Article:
Green Bay Packers historian Larry Names credits Nate Abrams, the childhood friend of the famous Earl "Curly" Lambeau, with helping found the Packers in the late 1910s. Abrams was the son of Lithuanian Jews, and played with Lambeau in the Green Bay city league with a team called the South Side Skiddoos (Abrams was team captain). Some have hinted that anti-Semitism in Green Bay at the time prevented Abrams from taking credit for starting the Packers. While this view is controversial, it is generally recognized that without Abrams, the Packers would have later folded. In the 1920s, before Green Bay became a publicly owned team, Abrams helped the squad pay their bills.
Birth and Death Dates:
b. December 25-1897 - d. April 30, 1941
Abrams was a member of the Packers' first team in the NFL (then called the American Professional Football Association). During that initial season in 1921, the hometown hero played as an end in only one game, registering one touchdown and a single interception.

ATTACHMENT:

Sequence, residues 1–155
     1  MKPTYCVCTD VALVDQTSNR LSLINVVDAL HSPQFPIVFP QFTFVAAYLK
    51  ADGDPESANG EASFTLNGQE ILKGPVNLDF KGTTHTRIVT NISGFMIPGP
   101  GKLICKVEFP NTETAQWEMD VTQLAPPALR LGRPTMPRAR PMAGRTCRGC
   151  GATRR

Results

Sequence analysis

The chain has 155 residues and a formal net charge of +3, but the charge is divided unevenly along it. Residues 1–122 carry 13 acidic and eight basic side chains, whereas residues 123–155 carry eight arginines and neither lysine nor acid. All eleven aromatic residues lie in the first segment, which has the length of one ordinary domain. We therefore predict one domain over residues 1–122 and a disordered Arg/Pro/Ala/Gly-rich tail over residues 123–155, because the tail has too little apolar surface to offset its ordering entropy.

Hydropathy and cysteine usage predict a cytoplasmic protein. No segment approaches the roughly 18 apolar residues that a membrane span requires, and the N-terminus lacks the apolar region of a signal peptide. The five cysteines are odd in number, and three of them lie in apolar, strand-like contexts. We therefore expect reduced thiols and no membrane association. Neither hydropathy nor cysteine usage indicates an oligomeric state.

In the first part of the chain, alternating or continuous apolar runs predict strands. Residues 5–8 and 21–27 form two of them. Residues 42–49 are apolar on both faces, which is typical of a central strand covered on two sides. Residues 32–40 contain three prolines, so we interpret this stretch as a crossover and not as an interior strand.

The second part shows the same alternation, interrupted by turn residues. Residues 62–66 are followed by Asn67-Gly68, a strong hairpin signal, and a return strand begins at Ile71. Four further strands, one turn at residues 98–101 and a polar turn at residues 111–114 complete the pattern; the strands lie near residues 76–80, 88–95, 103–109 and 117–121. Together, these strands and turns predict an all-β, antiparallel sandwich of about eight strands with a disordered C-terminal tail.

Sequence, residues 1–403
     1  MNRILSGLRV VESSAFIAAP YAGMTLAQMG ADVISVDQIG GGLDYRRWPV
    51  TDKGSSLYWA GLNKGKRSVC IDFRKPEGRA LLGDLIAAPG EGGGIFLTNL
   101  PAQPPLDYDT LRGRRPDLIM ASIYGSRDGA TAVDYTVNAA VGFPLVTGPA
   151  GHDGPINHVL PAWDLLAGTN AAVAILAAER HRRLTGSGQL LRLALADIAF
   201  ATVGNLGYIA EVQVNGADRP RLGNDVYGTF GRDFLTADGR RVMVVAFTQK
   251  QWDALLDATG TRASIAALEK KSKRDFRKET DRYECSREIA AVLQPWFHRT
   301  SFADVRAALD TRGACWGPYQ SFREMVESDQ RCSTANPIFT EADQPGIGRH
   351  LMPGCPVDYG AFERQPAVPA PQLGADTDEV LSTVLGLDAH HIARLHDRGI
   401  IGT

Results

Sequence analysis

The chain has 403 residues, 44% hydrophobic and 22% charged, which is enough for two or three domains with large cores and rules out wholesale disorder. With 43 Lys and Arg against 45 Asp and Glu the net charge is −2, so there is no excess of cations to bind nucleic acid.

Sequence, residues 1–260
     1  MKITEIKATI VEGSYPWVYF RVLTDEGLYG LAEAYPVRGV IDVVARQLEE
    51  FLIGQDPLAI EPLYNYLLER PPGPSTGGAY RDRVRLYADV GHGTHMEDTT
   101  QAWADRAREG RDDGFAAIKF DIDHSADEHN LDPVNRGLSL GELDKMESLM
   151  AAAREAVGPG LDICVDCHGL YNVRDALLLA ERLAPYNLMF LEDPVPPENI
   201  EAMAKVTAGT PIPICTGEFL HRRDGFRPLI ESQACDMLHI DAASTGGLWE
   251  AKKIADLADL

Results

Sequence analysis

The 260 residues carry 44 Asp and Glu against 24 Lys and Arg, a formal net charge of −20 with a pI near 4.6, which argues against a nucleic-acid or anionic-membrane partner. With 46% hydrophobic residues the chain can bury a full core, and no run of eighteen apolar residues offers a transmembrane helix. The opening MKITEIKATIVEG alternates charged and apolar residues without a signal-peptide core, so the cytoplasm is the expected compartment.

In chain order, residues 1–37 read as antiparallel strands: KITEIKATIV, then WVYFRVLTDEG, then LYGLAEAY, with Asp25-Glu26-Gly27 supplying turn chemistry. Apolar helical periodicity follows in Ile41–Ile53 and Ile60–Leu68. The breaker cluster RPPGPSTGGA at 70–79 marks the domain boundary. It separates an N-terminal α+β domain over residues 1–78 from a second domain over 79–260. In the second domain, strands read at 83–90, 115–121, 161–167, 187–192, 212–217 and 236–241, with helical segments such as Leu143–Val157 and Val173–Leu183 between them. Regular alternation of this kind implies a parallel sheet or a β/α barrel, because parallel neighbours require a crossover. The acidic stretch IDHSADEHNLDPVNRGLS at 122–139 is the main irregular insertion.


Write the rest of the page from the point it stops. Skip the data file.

Green Bay, Wisconsin
Abrams played as an end in the NFL with Green Bay in 1921.
5'4", 145 pounds
In the NFL:
Use links below to navigate through the football section of Jews In Sports.
The Encyclopedia of Football, by Roger Treat (New York: A.S. Barnes and Co., 1976 -- 14th Edition)
Total Football: The Official Encyclopedia of the National Football League, edited by Bob Carroll, Michael Gershman, David Neft, and John Thorn (New York: HarperCollins Publishers, 1999)
encyclopedia of JEWS in sports, by Bernard Postal, Jesse Silver, and Roy Silver (New York: Bloch Publishing Co., 1965)